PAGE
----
Sitting as near-Rhode Island royalty with a strong second place finish at the WBRU Rock Hunt under their belt, Eric & The Nothing have molded themselves into the kind of hometown band everyone loves just for being themselves. With a foot in the throwback, “studio-magic” sound of doo-wop, Eric & The Nothing leans on an approachable and raw garage rock sound born out of playing live, being honest, and getting it right.
“I think all of us have a huge appreciation and respect for later styles of rock and we also have a wide spectrum of influences that we like to pull from,” singer-songwriter Eric Shane says. “We’ve described ourselves as ‘doo-wop’ in the past and there are definitely a few songs that fall under that umbrella, but we have many others that don’t at all. That era just has such a great sound.”
Starting out as a trio featuring Billy Moretti on drums and Chuck Perry on bass, Eric & The Nothing went through an evolution of player changes before arriving at a line-up that pushed the band to record a full-length album.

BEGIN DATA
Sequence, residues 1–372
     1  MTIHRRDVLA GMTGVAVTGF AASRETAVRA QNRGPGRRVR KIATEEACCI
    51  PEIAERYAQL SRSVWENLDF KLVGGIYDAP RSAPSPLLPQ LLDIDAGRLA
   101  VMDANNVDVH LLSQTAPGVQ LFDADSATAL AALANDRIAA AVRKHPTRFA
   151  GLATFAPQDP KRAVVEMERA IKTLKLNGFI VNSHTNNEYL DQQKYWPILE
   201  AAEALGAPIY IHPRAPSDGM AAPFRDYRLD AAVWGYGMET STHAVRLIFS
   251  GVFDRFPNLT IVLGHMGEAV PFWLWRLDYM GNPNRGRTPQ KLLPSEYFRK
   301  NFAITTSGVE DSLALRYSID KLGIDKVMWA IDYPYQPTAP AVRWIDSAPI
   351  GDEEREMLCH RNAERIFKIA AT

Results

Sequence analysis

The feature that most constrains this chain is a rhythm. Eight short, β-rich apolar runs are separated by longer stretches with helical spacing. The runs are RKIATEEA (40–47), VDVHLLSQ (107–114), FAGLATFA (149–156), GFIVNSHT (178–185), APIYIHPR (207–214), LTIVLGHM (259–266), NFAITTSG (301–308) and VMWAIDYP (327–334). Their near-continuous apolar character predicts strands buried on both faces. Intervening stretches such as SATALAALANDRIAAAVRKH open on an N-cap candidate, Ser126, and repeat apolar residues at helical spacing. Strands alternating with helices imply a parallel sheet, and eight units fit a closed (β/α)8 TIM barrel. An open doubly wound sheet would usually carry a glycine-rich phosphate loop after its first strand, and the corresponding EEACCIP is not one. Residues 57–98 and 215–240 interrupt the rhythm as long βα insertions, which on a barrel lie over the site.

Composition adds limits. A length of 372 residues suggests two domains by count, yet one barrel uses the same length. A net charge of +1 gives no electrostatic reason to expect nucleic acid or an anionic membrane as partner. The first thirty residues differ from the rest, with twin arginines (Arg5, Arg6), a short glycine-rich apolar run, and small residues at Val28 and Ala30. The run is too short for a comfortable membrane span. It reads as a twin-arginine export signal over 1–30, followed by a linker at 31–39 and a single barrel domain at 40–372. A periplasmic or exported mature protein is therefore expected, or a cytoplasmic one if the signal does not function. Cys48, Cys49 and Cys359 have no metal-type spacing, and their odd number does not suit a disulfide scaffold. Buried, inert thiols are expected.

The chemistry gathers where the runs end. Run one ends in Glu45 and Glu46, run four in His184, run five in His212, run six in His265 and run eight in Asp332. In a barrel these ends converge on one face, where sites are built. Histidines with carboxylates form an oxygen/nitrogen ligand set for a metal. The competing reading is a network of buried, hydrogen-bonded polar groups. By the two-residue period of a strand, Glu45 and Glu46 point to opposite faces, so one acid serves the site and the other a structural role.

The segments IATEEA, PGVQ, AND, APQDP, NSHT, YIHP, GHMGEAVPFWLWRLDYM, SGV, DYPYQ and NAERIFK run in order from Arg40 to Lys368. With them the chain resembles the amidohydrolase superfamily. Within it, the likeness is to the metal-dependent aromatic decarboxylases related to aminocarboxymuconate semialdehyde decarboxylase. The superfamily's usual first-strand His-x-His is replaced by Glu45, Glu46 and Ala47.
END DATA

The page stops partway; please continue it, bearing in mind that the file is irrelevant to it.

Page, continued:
“I’m playing with some seriously talented friends, these guys are the real deal,” Shane gushes. “All of these guys are seasoned vets. Bob Giusti on drums is a RI Hall of Fame-certified boss. On bass we have the one and only Joe Principe. Billy and I have been working on this since the start, we bounce ideas off each other and he is now bringing some great guitar work and doo-wop vocal harmonies. We’ve evolved to our final form.”
Eric & The Nothing has been playing many of the songs on their self-titled debut – which drops the night before Thanksgiving – for the better part of two years, and in that live atmosphere the band has cultivated an intimacy with both the songs and the sound of their band. At an Eric & The Nothing live show, the vibe and reverbed lushness of their sound is almost a band member in itself.
Eric & The Nothing further intrigues with a cult-like collection of lyrics and references with Easter eggs worthy of any obsessed following. Science fiction themes bubble up in Eric’s writing right alongside more serious contemplations on love and loss. What is most apparent is the earnestness in the plain-spoken lyrics.
“I think when you're writing about something that makes you feel a well of emotions, it can and should pour right out into the song so that someone who hears it can instantly understand and even identify with it,” Shane says. “Sometimes it’s an X-Files episode or Twin Peaks that inspires a song... a lot of these songs I wrote just going insane in a basement years ago, so some are about love, life and death, UFO cases, mental health... there’s a variety of themes.”
Album Release Show – November 21
150 Chestnut Street